If somebody told me five or even three years ago that the day would come when It’s Showtime would be seen on a GMA channel and the Dabarkads would leave their home for the last 28 years and move to another station, I’d have pooh-poohed both as fantasy. But here we are, in June of the year of our Lord 2023, just a couple of weeks away from having that as an everyday reality.
“With the new programming movements in TV5, we are sad to announce that It’s Showtime will no longer be seen on TV5 beginning 1 July 2023,” reads part of ABS-CBN’s statement, released June 20, about its 14-year-old noontime show that has been airing on the Kapatid channel for almost a year now—since July 16, 2022 to be exact.
Those “movements” include TV5’s decision to move the show to an afternoon schedule in order to free its noontime slot for a “new” program reportedly called This Is EAT!.
That’s Eat for Eat Bulaga!, the even longer-running show starring Tito, Vic, and Joey. While the noontime show continues to air with the same title on the Kapuso network, sans TVJ and the Dabarkads, the entire original production team is no longer the same Eat Bulaga! that viewers “mula Aparri hanggang Jolo” have tuned into daily since its transfer to GMA from ABS-CBN in 1995. When TVJ's new show starts airing on July 1 on the Kapatid network, it will be a month shy of Eat Bulaga’s 44th anniversary, having premiered on the now defunct RPN-9 on July 30, 1979 (anyone who feels it’s been around longer would be forgiven).
But don’t cry for Vice and the rest of the Showtime gang. They’re only saying goodbye to TV5—the show will continue to air on its original noontime slot on A2Z, Kapamilya Channel, Kapamilya Online Live, iWantTFC, and TFC, and its total outlet count will remain at six when it debuts on its new home, GMA’s GTV Channel, on July 1.
“G na G na tayo, Madlang Pipol!” the ABS-CBN statement enthuses. For its part, GMA announced the development in its social media pages with artcards that echo another iconic Showtime line: “Madlang Pipol, let’s make some noise!”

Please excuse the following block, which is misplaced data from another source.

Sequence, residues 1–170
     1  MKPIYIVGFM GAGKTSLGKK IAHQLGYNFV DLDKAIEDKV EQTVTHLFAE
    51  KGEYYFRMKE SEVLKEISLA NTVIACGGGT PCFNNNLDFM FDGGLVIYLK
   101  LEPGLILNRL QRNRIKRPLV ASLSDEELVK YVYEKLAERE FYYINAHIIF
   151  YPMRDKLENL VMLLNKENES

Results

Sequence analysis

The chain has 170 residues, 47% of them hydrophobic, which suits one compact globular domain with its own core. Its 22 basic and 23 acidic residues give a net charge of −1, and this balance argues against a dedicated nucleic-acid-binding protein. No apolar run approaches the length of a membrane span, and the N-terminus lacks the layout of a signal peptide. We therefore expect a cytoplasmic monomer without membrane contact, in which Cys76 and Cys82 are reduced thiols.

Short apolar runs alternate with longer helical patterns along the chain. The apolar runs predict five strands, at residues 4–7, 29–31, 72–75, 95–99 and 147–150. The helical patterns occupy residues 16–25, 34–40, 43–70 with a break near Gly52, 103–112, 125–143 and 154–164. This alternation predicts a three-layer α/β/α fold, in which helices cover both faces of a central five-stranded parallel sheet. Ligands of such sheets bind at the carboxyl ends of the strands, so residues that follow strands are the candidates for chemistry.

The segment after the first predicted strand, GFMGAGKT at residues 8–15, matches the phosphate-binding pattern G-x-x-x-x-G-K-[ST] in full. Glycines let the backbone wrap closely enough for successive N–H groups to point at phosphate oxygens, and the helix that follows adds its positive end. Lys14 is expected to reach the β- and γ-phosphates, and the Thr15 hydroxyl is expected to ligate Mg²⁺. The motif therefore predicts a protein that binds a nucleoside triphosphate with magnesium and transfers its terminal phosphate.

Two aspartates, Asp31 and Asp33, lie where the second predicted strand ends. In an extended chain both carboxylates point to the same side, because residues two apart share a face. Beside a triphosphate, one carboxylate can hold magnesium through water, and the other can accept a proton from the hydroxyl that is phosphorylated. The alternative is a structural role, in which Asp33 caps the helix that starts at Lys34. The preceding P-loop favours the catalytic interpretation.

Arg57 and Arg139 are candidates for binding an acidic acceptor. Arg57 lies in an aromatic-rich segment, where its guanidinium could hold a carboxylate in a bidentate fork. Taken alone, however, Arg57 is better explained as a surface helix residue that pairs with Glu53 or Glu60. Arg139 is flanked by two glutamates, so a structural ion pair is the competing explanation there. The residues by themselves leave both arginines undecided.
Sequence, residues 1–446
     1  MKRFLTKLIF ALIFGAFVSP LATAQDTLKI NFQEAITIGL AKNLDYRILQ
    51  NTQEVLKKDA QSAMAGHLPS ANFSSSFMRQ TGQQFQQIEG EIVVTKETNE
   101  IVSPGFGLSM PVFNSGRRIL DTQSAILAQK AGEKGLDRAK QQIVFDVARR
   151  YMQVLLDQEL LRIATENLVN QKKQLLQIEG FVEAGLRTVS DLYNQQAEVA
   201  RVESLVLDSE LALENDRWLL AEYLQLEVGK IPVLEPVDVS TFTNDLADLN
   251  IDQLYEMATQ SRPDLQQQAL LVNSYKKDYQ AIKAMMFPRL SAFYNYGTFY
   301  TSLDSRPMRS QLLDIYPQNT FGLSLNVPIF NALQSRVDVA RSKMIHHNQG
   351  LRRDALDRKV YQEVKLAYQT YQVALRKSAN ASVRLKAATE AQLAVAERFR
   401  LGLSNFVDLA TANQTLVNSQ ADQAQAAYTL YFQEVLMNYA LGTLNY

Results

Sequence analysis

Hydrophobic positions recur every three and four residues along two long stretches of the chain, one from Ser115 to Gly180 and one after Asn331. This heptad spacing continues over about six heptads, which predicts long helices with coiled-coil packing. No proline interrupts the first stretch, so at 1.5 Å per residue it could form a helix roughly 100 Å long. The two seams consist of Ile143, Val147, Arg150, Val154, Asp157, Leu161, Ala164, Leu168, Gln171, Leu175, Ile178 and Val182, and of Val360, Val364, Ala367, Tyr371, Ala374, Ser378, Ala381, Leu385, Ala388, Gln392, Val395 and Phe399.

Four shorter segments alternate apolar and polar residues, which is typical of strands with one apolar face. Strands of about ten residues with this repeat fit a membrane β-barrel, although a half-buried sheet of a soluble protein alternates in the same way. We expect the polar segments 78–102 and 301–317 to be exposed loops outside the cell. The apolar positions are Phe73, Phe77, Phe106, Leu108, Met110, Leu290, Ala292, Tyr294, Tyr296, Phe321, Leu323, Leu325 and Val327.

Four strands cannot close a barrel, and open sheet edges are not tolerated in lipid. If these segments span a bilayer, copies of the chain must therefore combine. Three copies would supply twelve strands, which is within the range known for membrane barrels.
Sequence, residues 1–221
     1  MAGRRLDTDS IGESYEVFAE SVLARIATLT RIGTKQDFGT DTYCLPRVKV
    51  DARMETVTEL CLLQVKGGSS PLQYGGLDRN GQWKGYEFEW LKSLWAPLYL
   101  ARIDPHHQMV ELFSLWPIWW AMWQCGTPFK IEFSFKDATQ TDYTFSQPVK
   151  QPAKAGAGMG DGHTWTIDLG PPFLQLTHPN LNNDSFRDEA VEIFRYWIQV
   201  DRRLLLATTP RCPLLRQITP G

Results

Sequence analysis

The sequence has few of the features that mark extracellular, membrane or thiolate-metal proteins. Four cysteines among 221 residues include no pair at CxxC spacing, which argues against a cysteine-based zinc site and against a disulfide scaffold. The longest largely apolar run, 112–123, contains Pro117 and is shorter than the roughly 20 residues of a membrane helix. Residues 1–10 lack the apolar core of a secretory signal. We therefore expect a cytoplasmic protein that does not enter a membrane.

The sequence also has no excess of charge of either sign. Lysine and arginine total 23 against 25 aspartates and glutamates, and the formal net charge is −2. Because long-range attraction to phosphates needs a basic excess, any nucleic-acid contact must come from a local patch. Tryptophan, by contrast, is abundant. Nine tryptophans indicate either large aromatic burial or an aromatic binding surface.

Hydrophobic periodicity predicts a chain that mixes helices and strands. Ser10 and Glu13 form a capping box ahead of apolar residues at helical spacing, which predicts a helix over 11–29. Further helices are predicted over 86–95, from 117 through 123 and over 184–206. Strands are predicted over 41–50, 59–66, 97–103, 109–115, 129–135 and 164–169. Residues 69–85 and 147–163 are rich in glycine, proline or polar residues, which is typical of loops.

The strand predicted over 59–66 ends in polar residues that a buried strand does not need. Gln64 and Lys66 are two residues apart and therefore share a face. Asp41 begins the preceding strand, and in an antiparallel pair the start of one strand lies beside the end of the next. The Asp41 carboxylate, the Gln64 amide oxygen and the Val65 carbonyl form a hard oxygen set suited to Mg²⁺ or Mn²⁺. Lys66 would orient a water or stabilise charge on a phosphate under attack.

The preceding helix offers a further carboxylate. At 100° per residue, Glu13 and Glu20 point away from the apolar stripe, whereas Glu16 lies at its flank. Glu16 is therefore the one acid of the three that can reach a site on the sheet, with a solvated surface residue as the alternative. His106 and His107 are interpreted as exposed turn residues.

Haven’t heard of GTV? You’re not alone—neither have I. But apparently, many people have. According to the Nielsen TV Audience Measurement data in 2022, GMA’s second free-to-air channel has “sustained its lead over counterparts TV5, A2Z, and Kapamilya Channel. GTV logged people audience share of 10.5% in total Philippines against its closest rival TV5, which got 9.8%.”
This data makes this already colorful and eventful rigodon of noontime shows even more interesting and exciting. If Google’s numbers hold, Showtime’s exit from TV5 might even be a boon to the show as it plays to an even bigger audience alongside its loyal viewers (carried over from its 13 years on ABS-CBN and one year on TV5). What’s unsure is how much of Eat Bulaga!’s devoted crowd will follow TVJ and the Dabarkads’ move to the network owned by Manny Pangilinan.
In any case, the clear winner in all this is GMA. Sure, the network “lost” several big names including Maine Mendoza from its roster of stars with the original Eat Bulaga! cast’s departure. But Showtime’s entry, as the latest in a growing list of partnerships with erstwhile rival ABS-CBN, adds a bigger constellation of certified superstars to the Kapuso fold. Now, it will no longer be a shocker if someday soon Vice Ganda makes an appearance in Kapuso Mo Jessica Soho or Anne Curtis makes her debut in Magpakailanman.
Also, business-wise, GMA did not lose anything. It continues to earn from its long-standing block time contract with the producer of Eat Bulaga!, TAPE Inc. And even if TAPE one day decides to pull the plug on the show and end the deal—due to low ratings and lack of enough advertisers to sustain production costs—the network can then offer the slot to ABS-CBN and potentially finally bring Showtime back to the prime channel where it originated from.
With its rival’s powers and reach significantly clipped, GMA continues to face considerable challenges, not least of which is the turning of the tide of audience preferences away from free TV and more into online streaming. The network did not necessarily absorb ABS-CBN’s audience after the network's shutdown in 2020—the landmark “event” only hastened people’s move to the digital platform that started as early as five years or so ago.
Are we in for even more musical chairs of this sort in the coming months or years? A Coco Martin FPJ teleserye playing on primetime GMA perhaps? Now we know better than to pooh-pooh anything of the sort.